1,000,000
95,000
190,000
37,675
680,000
1,000,000
165,000
575,000

3,698,000
1,785,000
12,512,000
729,000
990.000
404.000
4,695.000
9,925,000
661,000
3,078,000
57,492,000

SCHEDULE 16.—Continued.
MEMBER BANKS LIQUIDATED DURING 1919.

Name of Bank

Location

Shares
Surrendered

Disposition

Cincinnati, Ohio—. Merged with Fifth-Third National
Bank, Cincinnati,
Cleveland, Ohio.. Merged with Guardian Savings &
Trust Co., Cleveland
First National Bank
] Middletown, Ohio< Consolidated into the First & Merchants National Bank, MiddleMerchants National Bank
/
town
Steubenville, Ohio. Merged with Steubenville Bank &
Commercial National Bank
Trust Co., Steubenville
Liquidated to form Manufacturers &
Black Lick, Pa
First National Bank
Mechanics Bank, Black Lick
Merged with Oil City National Bank,
Oil City, Pa
Lamberton National Bank
Oil City
Reynoldsville, Pa_ Merged with Peoples National Bank,
Citizens National Bank
Reynoldsville
First National Bank
Bluffton, Ohi
In hands of Receiver
First National Bank
. In voluntary liquidation
Roseville, Ohio
First Standard Bank & Trust Co- Maysville, Ky
.! Merged with Bank of Maysville
Mt. Sterling, Ky._ .Withdrew
Exchange Bank of Kentucky
Market National Bank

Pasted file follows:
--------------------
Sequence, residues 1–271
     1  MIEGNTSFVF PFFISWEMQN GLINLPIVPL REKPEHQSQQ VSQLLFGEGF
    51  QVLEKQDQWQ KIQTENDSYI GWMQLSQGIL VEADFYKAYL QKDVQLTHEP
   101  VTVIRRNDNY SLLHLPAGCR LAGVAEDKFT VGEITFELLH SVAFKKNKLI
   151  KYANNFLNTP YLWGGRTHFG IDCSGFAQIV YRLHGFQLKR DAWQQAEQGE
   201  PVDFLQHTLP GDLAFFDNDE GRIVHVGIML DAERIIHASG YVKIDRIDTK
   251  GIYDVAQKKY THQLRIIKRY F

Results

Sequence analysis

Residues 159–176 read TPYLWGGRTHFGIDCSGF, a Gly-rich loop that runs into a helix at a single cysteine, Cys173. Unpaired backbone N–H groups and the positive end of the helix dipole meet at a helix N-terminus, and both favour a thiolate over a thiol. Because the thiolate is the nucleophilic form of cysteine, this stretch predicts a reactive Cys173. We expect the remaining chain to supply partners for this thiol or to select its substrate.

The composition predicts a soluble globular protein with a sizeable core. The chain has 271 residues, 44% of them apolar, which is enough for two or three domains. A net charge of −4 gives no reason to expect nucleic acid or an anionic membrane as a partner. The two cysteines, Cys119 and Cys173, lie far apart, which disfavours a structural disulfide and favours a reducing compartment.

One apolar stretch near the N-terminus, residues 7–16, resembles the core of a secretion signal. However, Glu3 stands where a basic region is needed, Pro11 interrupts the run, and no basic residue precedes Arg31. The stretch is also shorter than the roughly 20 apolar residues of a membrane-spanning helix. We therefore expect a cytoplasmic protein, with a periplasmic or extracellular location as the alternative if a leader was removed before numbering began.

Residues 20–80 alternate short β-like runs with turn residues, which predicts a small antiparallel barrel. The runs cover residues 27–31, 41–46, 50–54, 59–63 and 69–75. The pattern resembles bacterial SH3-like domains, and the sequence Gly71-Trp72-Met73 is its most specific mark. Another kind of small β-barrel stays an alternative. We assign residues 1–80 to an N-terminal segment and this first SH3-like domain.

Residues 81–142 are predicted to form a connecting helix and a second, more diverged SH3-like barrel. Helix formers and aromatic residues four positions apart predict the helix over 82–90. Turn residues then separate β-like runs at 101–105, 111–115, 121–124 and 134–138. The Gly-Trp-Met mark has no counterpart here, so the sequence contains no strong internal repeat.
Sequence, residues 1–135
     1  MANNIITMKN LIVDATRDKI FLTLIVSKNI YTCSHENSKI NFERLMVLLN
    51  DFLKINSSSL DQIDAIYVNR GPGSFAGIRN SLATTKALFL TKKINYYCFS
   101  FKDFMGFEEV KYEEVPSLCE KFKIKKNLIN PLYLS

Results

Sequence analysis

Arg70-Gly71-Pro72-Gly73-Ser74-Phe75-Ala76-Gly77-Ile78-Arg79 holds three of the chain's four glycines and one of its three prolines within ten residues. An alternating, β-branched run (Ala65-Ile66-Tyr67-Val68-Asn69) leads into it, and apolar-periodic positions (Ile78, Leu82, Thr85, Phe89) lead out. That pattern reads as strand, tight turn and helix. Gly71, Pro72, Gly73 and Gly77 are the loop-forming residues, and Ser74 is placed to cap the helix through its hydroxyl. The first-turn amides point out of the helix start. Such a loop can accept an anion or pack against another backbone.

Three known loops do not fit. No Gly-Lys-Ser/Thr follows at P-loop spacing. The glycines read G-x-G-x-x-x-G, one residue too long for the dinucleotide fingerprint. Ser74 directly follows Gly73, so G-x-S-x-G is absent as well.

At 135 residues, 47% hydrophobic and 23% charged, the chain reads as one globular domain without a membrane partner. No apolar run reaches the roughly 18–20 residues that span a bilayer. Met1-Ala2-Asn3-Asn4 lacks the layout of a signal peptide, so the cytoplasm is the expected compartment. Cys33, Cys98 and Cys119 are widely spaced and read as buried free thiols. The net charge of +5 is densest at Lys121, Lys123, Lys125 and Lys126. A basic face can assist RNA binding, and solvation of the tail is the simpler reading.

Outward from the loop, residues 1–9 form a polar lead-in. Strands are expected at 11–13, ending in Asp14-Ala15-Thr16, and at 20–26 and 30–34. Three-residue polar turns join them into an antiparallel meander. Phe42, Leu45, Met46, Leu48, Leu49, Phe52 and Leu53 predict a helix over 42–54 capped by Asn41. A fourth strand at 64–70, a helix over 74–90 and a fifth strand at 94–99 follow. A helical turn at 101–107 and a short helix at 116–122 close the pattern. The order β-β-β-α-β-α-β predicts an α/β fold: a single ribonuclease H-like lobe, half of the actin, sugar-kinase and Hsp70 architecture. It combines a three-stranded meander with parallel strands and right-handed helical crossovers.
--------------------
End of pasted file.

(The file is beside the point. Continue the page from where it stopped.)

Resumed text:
Cleveland National Bank

Total Shares

540
1,200
102
105
150
38
ISO
39
.•so

io
150
51

2.610

MEMBER BANKS IN DISTRICT No. 4.
Number of member banks December 31, 1918
New national banks organized
State banks and trust companies admitted
Total
Liquidated during 1919
Number of member banks December 31, 1919
Capital stock paid in, December 31, 1919
Capital stock paid in, December 31, 1918
Increase




814
8
33
855
12
843
$9,532,950.00
9,072,700.00
460,250.00

SCHEDULE 17.—Banks granted fiduciary powers under Section 11 of the Federal
Reserve Act.
Date

Name

Location

Dec. 22 American National Bank

Newport, Ky

Mar. 22 First National Bank

Paris, Ky

July 11 Farmers National Bank

Somerset, Ky

Jan. 24 First-Second National Bank

Akron, Ohio

Mar. 22 National City Bank

Akron, Ohio

May 7 Atlas National Bank

Cincinnati, Ohio.

Oct. 15 Citizens National Bank

Cincinnati, Ohio.-

Feb. 13 Fifth-Third National Bank

Cincinnati, Ohio